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Moles on the pubic area, groin and genitals

Can­cer­ous moles can grow on the pubic area, groin and gen­i­talia. Since this is not an area that most peo­ple spend a lot of time look­ing at, these moles often go unde­tect­ed. Peo­ple may also feel embar­rassed to get these areas checked by a pro­fes­sion­al and may not flag their con­cerns with their doc­tor, der­ma­tol­o­gist or melanog­ra­ph­er. How­ev­er, if you notice any unusu­al spots or new moles in these areas, it’s cru­cial that you con­sult with a pro­fes­sion­al for fur­ther investigation.

Some of the areas in the groin and pubic region that you may not expect to find skin can­cer include:

The vagi­nal area

The symp­toms of vagi­nal or vul­va melanoma are sim­i­lar to symp­toms of oth­er infec­tions, but usu­al­ly there is a tell­tale sign of a mole that’s chang­ing in this area.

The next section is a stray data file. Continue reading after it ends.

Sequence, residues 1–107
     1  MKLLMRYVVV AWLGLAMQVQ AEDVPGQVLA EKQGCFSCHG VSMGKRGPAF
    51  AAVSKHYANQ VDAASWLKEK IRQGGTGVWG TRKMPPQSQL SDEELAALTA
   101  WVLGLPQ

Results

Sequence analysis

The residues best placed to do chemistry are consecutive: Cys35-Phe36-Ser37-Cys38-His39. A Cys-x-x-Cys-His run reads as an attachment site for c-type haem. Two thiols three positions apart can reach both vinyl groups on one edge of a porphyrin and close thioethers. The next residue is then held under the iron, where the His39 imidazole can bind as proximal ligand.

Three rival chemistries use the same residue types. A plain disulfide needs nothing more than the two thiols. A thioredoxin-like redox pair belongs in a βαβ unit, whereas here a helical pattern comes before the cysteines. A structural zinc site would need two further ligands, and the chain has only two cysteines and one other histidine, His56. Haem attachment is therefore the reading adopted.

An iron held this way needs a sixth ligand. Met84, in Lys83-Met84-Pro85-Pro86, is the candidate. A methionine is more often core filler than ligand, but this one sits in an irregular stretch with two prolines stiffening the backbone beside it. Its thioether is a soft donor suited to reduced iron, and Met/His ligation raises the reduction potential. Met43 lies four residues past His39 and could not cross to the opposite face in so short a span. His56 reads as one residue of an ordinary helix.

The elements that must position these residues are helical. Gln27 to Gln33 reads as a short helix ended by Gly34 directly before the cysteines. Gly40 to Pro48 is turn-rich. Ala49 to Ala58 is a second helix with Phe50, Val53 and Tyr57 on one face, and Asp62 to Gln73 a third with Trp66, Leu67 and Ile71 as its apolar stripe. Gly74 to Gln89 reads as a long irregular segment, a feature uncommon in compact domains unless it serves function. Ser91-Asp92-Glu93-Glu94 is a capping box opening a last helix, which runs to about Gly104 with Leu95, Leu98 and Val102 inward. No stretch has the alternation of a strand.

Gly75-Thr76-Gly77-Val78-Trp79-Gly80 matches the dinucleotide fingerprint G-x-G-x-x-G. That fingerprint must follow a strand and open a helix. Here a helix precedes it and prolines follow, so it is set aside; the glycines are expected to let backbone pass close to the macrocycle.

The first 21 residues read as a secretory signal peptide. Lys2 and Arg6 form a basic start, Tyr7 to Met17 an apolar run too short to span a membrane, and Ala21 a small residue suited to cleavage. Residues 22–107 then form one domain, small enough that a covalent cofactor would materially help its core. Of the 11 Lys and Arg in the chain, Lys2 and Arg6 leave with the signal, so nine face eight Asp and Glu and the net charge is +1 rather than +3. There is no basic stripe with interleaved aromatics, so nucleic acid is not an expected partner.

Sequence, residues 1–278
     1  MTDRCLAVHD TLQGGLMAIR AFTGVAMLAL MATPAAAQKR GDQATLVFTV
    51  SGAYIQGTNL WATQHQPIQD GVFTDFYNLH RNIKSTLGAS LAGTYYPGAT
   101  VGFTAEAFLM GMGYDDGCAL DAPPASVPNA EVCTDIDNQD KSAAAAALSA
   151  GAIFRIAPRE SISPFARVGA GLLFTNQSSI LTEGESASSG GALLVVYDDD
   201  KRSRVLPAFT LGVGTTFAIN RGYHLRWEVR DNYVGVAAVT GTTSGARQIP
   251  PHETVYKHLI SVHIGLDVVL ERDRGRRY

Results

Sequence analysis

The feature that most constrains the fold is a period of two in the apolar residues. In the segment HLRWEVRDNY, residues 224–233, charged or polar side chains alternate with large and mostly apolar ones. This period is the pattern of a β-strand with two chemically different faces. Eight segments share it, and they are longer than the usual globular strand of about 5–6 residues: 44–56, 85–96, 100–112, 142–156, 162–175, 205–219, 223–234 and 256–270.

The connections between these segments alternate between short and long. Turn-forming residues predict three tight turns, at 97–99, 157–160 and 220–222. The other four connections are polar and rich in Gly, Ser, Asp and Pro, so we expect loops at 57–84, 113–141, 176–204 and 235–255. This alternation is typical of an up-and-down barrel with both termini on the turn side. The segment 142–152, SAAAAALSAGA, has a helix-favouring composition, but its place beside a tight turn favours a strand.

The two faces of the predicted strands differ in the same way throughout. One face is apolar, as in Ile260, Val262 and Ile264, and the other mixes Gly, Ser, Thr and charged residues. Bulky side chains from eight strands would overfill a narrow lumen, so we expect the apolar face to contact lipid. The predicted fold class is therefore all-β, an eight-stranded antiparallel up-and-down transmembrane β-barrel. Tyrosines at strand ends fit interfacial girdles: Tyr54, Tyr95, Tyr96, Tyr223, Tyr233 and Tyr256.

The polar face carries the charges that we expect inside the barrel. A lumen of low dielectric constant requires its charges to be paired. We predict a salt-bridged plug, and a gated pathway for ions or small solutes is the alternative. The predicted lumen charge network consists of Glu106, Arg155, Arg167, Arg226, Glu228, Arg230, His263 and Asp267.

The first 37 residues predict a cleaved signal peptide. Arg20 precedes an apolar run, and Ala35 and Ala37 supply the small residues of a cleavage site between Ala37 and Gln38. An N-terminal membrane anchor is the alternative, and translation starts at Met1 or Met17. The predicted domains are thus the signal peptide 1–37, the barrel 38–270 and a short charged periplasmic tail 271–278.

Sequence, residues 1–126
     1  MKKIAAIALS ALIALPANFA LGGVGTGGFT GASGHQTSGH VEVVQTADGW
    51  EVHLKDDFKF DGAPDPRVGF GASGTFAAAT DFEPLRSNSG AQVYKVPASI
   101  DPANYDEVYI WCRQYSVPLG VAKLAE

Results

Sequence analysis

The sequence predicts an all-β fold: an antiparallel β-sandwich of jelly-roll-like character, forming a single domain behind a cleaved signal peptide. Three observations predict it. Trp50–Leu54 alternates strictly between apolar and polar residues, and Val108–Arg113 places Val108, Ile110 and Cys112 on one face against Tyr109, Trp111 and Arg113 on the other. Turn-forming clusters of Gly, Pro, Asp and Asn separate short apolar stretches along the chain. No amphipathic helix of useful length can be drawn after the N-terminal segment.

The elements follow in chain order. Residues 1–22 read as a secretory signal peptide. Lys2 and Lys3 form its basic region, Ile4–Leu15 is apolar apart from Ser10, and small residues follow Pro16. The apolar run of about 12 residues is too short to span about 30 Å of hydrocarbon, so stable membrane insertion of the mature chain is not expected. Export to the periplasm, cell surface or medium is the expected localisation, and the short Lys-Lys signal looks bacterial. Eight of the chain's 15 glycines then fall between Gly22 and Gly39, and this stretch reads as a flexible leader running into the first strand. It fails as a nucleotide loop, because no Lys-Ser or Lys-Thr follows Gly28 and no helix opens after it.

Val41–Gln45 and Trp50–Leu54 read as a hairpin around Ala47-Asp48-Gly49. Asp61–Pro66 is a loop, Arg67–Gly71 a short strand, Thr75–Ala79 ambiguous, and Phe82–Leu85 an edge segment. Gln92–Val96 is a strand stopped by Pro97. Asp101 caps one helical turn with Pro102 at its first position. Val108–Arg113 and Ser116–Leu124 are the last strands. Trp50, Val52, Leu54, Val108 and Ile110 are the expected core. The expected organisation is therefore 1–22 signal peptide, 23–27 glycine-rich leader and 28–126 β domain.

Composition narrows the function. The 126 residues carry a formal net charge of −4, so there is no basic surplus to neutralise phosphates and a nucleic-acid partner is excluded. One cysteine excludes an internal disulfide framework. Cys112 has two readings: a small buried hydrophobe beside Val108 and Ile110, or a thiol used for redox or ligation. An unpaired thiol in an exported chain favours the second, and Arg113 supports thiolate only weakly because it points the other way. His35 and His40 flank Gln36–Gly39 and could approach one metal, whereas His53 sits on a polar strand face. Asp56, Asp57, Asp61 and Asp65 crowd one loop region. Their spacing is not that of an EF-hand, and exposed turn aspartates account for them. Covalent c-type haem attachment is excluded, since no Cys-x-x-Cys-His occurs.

Look out for:

  • Bleed­ing
  • Itch­ing
  • Pain dur­ing inter­course or short­ly afterwards
  • Unusu­al discharge
  • A notice­able mass or dis­coloura­tion of the vul­va (exter­nal area of the female genitals)

If you notice any of these symp­toms, advise your doc­tor or melanog­ra­ph­er as soon as possible.

The anus/​rectum

Also known as mucos­al melanoma, melanoma of the anus can be mis­di­ag­nosed as hem­or­rhoids because the symp­toms are the same or very similar.

Look out for:

  • Rec­tal bleeding
  • Pain in the rec­tum or anus
  • Diar­rhea
  • Con­sti­pa­tion
  • An obvi­ous mass in the rec­tal area

Many of these can also be signs of bow­el can­cer, so it pays to see your GP imme­di­ate­ly if you have any of the above symptoms.

The uri­nary tract

Skin can­cer of the uri­nary tract is very rare, but also hard to diag­nose. There are no signs of ear­ly stage melanoma of the ure­thra. How­ev­er, in advanced stages, there are a few symp­toms that may appear.

Look out for:

  • Blood in urine